by Rajneesh Suvarna
26th - 30th March 14
Nestled against the backdrop of the Eastern Himalayas lies the grassland and forest habitat, Manas. Reputed to be one of the most beautiful parks and encompassing a wide range of habitats and holding a correspondingly large number of species both avian and mammalian, it was our first stop as we decided to traverse the full altitude range from the near sea-level riverine grasslands to the high Eastern Himalayan passes in adjoining Bhutan.
Large Indian Civet
Our group of five, Subhash, Pradnya, Niket, Garima and yours truly gathered at Guwahati airport, some old friends and some new ones. The drive from the airport was pleasant passing thru villages ticking off some common species of the Northeast including the Great Myna, while we had multiple sightings of the Adjutant giving good photo-ops. We tried to reduce stops on the way so that we could put in some evening birding at Banasbari, the lodge that has become synonymous with Manas. That certainly turned out to be a good idea as one of the first sightings as we got out of the lodge was a large Indian civet resting on a tree in a tea garden. The activity was still good as we made our way back to the camp with the fading light.
The next morning the main target was the Bengal Florican. Our progress was slow as we had good sightings of the Crested Serpent Eagle, Chestnut-capped Babbler, Rufous-necked Laughingthrush among others, getting our guide worried if we would miss our tryst with the Florican. All my previous attempts to see the Florican had included long searches resulting in a blink of a sighting, so I was expecting a long vigil as we opened up our breakfast boxes at the watch tower. I had hardly bitten into the sandwich when a Florican sailed right in front of us in a flight longer than I imagined it to fly. As if that wasn't enough, in the next 10 minutes, an adult walked across in the clearing in front of the grasslands putting up a good display, and in general, giving us a long sighting. We left the grasslands with a pair of Pied Harriers circling.
Indian One-horned Rhino
In the afternoon, we did the road by the river and into the forest for some productive birding, and a large flock of large woodshrike and Rosy Minivets were amongst the sightings. A handsome Red Junglefowl and a very cute baby Rhino with her not so cute mom, who crossed right in front of the path, cheered the group. However, the most exciting moment though was when we passed a herd of elephants after waiting patiently for them to pass did not yield satisfactory results. This elephant moment was soon to be surpassed when an elephant started a mock charge quite close to our vehicle.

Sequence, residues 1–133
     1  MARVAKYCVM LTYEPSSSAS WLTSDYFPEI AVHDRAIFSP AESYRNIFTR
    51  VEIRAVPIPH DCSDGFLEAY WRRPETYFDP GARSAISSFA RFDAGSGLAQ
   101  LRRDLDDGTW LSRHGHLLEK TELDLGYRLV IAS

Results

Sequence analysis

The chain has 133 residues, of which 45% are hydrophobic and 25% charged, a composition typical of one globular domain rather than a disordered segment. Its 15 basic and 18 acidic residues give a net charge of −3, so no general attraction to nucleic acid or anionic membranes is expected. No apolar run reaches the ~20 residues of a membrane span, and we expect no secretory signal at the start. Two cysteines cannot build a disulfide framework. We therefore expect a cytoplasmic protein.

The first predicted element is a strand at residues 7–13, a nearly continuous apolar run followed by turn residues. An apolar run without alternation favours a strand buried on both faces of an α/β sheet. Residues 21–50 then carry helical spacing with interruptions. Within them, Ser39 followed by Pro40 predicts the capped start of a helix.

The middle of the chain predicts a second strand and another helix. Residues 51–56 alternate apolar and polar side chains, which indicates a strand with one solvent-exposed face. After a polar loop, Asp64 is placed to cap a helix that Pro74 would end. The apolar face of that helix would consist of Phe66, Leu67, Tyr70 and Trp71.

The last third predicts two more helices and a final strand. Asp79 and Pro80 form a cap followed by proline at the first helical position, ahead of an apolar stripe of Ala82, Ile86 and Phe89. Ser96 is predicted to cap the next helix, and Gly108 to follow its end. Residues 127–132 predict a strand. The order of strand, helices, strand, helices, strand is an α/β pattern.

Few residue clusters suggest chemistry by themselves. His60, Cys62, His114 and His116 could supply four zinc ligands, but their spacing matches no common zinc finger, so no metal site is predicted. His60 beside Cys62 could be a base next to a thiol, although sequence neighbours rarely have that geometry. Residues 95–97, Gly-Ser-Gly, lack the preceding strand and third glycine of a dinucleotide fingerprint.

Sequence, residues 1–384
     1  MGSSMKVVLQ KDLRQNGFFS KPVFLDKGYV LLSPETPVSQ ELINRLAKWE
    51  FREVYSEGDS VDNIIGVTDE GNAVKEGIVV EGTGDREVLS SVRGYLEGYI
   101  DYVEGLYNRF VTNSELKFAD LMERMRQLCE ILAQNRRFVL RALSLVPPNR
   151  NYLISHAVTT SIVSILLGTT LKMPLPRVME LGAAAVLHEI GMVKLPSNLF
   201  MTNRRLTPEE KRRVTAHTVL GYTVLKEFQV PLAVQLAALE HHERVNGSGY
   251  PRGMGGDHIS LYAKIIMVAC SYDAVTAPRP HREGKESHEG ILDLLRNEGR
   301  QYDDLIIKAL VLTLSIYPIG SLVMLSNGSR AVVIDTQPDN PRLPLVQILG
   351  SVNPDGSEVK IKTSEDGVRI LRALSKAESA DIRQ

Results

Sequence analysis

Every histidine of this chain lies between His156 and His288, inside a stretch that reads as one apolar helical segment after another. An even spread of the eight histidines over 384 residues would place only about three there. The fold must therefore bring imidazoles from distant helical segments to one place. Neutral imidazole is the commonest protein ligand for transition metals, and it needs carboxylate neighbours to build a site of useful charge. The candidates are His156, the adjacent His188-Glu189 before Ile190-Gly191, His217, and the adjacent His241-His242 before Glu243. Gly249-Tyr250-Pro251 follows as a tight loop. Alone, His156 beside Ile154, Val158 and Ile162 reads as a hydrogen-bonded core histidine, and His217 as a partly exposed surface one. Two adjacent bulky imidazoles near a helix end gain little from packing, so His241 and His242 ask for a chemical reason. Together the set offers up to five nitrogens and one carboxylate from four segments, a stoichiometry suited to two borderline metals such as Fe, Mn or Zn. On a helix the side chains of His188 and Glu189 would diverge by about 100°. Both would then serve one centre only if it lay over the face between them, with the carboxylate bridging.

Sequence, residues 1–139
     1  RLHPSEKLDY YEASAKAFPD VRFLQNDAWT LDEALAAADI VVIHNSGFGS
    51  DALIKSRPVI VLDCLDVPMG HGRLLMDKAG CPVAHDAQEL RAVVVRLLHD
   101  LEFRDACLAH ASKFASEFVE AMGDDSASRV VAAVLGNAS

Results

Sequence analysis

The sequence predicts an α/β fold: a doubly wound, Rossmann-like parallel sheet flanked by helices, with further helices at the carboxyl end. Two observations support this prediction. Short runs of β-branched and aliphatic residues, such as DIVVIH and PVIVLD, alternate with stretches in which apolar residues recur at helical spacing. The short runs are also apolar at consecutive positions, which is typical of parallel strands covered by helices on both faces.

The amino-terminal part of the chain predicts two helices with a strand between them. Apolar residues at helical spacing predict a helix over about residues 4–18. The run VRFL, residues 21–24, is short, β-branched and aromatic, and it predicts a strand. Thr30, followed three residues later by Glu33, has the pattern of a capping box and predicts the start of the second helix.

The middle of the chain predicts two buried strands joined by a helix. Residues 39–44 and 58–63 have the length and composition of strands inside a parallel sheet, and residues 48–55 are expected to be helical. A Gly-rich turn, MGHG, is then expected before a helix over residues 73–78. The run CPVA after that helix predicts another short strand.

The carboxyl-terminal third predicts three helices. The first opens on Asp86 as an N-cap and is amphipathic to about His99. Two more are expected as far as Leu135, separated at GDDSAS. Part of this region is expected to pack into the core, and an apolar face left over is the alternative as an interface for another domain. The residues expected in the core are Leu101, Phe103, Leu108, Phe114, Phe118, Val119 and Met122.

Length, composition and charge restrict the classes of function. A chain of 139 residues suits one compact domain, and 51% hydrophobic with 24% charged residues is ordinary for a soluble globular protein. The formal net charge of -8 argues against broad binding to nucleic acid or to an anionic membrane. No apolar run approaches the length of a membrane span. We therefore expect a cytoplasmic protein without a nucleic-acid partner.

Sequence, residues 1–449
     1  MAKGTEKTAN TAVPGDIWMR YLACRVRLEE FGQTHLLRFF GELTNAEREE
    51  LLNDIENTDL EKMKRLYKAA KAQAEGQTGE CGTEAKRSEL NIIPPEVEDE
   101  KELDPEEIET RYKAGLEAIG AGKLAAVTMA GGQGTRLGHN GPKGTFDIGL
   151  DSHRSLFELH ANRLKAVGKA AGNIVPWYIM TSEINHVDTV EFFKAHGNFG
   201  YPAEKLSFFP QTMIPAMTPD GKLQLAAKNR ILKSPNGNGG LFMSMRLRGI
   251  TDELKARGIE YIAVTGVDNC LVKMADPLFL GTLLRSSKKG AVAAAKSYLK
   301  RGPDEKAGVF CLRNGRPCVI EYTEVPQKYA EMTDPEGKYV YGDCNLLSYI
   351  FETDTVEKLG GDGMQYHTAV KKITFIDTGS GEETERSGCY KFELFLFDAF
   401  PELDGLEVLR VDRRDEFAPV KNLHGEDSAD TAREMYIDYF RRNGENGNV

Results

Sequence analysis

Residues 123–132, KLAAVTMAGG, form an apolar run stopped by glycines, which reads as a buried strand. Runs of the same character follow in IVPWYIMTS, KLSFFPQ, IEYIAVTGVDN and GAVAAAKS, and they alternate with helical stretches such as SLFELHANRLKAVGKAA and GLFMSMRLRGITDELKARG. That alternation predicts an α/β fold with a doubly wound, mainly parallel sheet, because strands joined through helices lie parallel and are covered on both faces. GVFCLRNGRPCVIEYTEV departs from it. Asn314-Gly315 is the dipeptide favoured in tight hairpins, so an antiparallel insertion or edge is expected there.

Day 3 was supposed to be
our longest day with a full day safari. We started off at 5.15am
so that we could be at the gate for the 6am opening. The drive
though took us more than 2.5 hrs with dollarbirds, pale-footed
bushwarblers, chestnut capped babblers and mainly a displaying
pair of oriental honey buzzards that got into the act being the
cause of delay. This, as we realized later, was the first of a
string of amorous couples we would come across on the trip.
Day 4 started off with some Rufous-necked Laughingthrush that climbed right upto the canopy so much so that I kind of anticipated one of them would fall off after an attack of vertigo. This was followed by a fortuitous sighting of a Bay-banded Cuckoo and the oh so cute/regal Crested Treeswift, perched on an impossibly small nest. And this was followed by a juv. CSE just right above us. We were later halted in our tracks as 2 pairs of Shamas fought and put up a grand display for us right there.
A group of Long-tailed Broadbills then captured our attention, these 'clown birds' then flitted around giving excellent views while a Green-Billed malkhoa vied for attention. As if this wasn't enough we had one Jerdon's Baza coming and perching right in front of us.
On our last safari we decided to do the riverine forests by the river on the western edge of the central range, we had to get out of the forest early as some had to reach Bhutan while others a flight to catch. We headed straight for the broadbills but not before some close views of the Rufous Woodpecker. And sure enough a pair of Silver breasted broadbill flew right in front of us, giving splendid views. We continued to the river where we had our breakfast; it was a wonderful spread. Here, we sighted a pair of Pallas's Fish Eagles, Grey-headed Lapwings, scores of Small Pratincoles over the river while in the forest the Pale-chinned Flycatcher and Abbot's Babblers showed up amongst other lovelies. The drive back was just as exciting with a pair of Long-tailed broadbills showing up this time. Fully satiated, we made our way out of the park and to Bhutan
Click here for Images from this trip
Bird list for the Trip
© Rajneesh Suvarna 2014